Is there a better way of investing than pumping up your retirement fund? For anyone who is looking forward to having a comfortable retirement, you need to start saving for it from the get-go, and $100 a month is a good starting point. Saving for retirement has countless benefits, especially if you start early. Most retirement funds exploit the concept of compounding, and if you combine this with a long time horizon, you’ll be pleasantly surprised at how much money you will have in the long term.
Another added benefit is that most retirement accounts are cushioned from crippling taxes that would otherwise eat into your long term returns. Employer 401(K) matching has for a long time been the biggest motivation for saving for retirement. For starters, a 401(K) contribution is a verified retirement plan that allows qualified employees of any company to start building their retirement funds on a tax-free basis. Typically, you have the freedom of deciding on the percentage of your pre-tax income that you want to be deducted from your monthly paycheck and directed to your retirement fund.
Some employers contribute a specified matching amount which is commonly referring to as employer matching. Assuming that $100 per month amounts to 6% of your monthly income, and your employer offers a matching contribution of 100%, you’ll have an estimated $39,069 after 20 years if you earn the stock market’s historical average of 7%.
Now, this investment strategy would be more beneficial to someone who is just starting out their career but can be beneficial to anyone who wants to leverage the power of retirement savings vehicles like the one I just mentioned. And in case your employer doesn’t offer a retirement plan that is accommodative enough, you can opt for tax-advantaged retirement accounts IRAs.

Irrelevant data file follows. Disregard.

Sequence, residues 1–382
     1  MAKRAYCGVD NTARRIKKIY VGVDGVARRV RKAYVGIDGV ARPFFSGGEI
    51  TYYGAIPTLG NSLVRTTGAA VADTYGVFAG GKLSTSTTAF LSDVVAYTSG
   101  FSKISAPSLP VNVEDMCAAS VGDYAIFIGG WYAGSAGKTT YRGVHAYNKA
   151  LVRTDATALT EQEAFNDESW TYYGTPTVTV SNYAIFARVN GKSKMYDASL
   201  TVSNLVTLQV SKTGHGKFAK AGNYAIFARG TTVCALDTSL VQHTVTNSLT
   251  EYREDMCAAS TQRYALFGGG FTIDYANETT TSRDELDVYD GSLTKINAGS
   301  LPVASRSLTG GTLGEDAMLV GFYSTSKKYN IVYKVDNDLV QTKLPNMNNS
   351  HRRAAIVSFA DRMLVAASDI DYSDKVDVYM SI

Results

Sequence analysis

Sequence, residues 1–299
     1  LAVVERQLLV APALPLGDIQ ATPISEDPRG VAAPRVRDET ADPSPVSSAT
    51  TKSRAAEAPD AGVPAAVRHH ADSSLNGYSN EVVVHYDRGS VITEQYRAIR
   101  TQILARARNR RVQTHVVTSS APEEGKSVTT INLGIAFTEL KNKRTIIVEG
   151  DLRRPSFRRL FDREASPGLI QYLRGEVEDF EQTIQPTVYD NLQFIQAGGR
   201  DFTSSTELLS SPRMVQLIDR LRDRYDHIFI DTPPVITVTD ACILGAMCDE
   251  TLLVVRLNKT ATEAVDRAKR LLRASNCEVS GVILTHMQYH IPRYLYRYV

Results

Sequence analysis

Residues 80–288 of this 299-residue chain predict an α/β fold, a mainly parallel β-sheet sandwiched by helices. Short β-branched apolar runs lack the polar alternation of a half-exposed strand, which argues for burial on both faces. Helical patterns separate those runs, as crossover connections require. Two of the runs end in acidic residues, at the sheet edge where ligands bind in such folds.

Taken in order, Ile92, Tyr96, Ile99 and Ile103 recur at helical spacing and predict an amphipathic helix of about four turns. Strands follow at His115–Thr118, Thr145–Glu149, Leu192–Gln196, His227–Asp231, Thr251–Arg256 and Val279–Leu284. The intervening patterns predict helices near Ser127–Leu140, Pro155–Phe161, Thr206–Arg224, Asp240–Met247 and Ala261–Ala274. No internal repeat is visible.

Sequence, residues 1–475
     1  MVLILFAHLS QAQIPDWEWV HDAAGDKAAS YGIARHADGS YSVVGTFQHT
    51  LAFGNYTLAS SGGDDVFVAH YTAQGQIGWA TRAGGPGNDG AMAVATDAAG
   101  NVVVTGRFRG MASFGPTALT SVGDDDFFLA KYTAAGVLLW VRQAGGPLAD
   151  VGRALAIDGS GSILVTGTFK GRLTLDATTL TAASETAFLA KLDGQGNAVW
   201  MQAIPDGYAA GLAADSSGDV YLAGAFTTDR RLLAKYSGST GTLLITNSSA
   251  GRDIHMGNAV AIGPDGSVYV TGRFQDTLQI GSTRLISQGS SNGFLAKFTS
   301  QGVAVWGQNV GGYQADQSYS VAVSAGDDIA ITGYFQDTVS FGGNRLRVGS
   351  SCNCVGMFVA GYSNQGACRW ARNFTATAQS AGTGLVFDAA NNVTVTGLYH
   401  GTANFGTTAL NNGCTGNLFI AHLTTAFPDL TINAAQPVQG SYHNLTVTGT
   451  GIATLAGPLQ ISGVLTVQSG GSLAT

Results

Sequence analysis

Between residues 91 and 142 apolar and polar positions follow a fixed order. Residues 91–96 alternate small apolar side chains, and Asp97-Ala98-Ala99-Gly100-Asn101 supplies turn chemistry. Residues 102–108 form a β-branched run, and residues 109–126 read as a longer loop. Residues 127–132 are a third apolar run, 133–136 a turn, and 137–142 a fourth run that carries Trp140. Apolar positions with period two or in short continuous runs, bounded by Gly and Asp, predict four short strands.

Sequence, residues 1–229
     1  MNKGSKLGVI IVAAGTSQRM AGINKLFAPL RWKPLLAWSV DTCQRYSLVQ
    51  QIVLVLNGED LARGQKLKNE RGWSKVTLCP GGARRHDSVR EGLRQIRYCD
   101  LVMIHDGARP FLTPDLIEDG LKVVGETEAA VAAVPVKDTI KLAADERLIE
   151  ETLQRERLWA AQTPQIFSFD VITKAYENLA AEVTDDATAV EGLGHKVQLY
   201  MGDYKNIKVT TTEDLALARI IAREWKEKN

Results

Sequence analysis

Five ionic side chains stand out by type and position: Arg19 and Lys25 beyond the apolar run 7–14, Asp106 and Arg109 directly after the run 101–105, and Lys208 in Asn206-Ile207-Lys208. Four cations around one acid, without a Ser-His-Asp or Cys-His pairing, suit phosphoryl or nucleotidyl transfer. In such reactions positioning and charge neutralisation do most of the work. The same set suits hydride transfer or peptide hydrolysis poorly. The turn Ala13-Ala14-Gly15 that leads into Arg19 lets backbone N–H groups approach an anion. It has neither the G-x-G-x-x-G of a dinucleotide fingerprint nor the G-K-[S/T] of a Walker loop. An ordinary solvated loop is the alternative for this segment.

Method #5: Contribute To Money Market Accounts
If the time horizon for investing is short, let’s say five years or so, long term investments like stocks and bonds may not be an ideal option. Instead, you’ll need to invest your $100 a month in a low-risk investment vehicle that guarantees significant returns even in the short term. This is where interest-bearing money market accounts come in. Simply put, these are accounts offered by traditional banks or credit unions and are almost similar to traditional saving accounts.
But unlike basic saving accounts that offer meager interest rates, money market accounts offer significantly high-interest rates for the short term investor. So technically, a bank or credit union will require you to deposit a specified amount of money with them and pay you interest which is compounded on a daily basis. This deposited money will then be loaned out to borrowers, and they’ll be charged higher interest rates for the loans. So in a way, you’ll be loaning the bank your money and they’ll be paying you back with interest.
One of the biggest differences between basic saving accounts lies in the interest rates. In 2019 for example, the average interest rate of money market accounts was 0.15% while that of traditional saving account was 0.09%. If you compound this interest on a monthly or annual basis, you’ll find that these interest rates bear substantial significance to a depository account in the long run.
So typically, the respective bank or credit union will require you to deposit a given amount of money, after which you’ll need to keep your balance above a certain level. Additionally, money market accounts still offer countless benefits to depositors. For example, you’ll be issued with an ATM card, checks, and deposit slips.
One way of exploiting the potential of money market accounts is maintaining a high minimum balance throughout the investment period and restricting the frequency of your withdrawals. You can check in with online banks that allow you to deposit $100 monthly to your money market account and start investing.
As you’ve seen from the previously mentioned methods of investing, $100 a month is a lot of money when invested the right way. The stock market, bond holdings, money market accounts, mutual funds, and employers 401(K) are all smart investment moves that will see your money grow.